Education secretary Michael Gove’s leaked plans to replace the current GCSE examinations with the O-Levels of yesteryear have kicked up a bit of a ruckus in the past few days. The media seems completely torn in opinion; the Daily Telegraph and Daily Mail applaud the move, slamming the current system of ‘mickey-mouse’ courses, whilst the Guardian and The Independent focus on the implications of a two-tiered system that failed many of that generation. What seems important to note, however, is that the plans were leaked. Nobody outside Gove’s office, not even the Prime Minister, knew of the plans until the Daily Mail got their hands on them. Consequentially, much of the media furore has been focused less on the implications of the plans (which don’t need an Act of Parliament to pass into law) and more on Gove’s political standing in the Conservative Party and the Commons.
The mere name change elicits strong response. For my parents, it conjures memories of a system of corporal punishment, strict teaching, a lack of nurture and a harsh division between academia and vocation. Amidst the uproar, Nick Clegg has publically announced his opposition to the plans, vowing to veto any attempt to scrap the GCSE system.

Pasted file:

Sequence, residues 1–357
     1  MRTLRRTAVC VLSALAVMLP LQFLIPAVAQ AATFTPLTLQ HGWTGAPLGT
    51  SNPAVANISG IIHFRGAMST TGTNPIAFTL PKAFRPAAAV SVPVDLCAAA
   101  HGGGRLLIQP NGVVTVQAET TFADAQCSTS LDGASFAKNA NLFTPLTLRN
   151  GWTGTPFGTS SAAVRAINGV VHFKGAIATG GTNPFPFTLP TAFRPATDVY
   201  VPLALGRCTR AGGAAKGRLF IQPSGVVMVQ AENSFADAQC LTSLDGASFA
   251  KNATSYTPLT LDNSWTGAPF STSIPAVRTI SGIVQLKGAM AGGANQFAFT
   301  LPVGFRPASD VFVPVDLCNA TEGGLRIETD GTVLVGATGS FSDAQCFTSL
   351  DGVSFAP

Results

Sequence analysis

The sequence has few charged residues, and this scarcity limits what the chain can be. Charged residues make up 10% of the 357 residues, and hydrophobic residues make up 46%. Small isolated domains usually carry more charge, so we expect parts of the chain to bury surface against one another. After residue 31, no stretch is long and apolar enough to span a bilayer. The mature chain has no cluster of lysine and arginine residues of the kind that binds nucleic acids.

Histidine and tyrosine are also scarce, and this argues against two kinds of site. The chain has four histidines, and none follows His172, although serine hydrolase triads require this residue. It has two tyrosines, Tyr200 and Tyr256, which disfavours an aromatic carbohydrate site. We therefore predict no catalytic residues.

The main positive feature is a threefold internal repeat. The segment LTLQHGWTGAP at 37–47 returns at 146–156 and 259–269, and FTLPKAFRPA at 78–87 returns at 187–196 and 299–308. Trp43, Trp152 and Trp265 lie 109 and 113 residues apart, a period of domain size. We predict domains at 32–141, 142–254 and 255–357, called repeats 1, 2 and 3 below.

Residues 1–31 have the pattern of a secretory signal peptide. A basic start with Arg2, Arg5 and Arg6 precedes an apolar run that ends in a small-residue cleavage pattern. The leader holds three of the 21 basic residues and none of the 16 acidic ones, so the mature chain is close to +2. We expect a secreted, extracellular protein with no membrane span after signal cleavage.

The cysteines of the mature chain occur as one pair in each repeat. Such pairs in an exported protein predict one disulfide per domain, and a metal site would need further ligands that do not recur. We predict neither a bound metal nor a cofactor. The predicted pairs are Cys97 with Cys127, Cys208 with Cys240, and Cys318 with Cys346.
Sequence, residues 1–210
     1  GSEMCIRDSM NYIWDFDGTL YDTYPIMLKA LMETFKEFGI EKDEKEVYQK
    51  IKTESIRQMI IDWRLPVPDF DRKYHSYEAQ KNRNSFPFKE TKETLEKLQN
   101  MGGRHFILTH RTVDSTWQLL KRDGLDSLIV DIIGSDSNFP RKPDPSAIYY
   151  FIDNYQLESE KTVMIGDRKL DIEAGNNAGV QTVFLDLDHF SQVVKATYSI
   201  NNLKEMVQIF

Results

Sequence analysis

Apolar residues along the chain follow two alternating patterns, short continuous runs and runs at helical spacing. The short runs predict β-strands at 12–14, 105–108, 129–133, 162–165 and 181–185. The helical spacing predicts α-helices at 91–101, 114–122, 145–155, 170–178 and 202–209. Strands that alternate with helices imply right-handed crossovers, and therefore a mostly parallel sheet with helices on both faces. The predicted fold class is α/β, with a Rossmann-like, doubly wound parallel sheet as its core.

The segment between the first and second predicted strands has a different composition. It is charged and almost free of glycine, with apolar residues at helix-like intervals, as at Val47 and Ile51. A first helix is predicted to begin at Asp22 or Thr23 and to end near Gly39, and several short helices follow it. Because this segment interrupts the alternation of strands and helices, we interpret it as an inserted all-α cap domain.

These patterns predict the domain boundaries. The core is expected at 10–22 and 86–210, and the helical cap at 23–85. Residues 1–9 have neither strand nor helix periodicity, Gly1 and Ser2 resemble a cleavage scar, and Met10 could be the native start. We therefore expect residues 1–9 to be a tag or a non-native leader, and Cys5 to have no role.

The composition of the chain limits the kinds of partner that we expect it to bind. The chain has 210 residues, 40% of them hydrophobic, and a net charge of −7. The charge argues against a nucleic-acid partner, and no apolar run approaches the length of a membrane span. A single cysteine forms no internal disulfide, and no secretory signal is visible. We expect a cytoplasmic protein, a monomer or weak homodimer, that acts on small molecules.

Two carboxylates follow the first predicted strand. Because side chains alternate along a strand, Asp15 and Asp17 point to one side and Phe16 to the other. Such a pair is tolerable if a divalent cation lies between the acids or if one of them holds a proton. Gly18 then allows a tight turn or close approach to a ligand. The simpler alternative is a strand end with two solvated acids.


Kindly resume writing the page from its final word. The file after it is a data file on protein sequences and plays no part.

Rightly so, the plans have sparked debate and discussion as to just how bad the GCSE system itself is. For those of us in university education, it takes little energy to cast our minds back to the muggy halls and rows of plastic chairs of our examinations. I can still remember a question on my Foundation Maths GCSE paper asking me to convert a 5 digit number into wording. There is legitimacy in the claim that the system is too easy. But the solution does not and should not lie in segregating children by ability.
Gove proved himself to be out of touch months ago, when his plans to send a King James’ Bible to every school was met with ridicule and scorn, resulting in no party willing to step forward to foot the £300,000 bill in a time of imposed austerity.
We are arguably a nation currently in the uncomfortable throng of nostalgia and retromania; Union Jack bunting still lingers in Wetherspoons across the country. Thrusting our education system back into a grammar/secondary split won’t solve the problems caused by current failures of the system. Some have praised Gove’s radicalism and strident attempts at educational reform. I’m more worried by his lack of clarity, judgement and downright obnoxiousness. At a time when youth unemployment is above 1 million and studies show an increasing gulf between the rich and poor, we can’t afford lacklustre throwback plans. We need something with more sophistication that will sustain and re-invigorate our education system. Anything with less effort is frankly an insult to the supposed Generation Y, who are pretty pissed off as it is. And with good reason.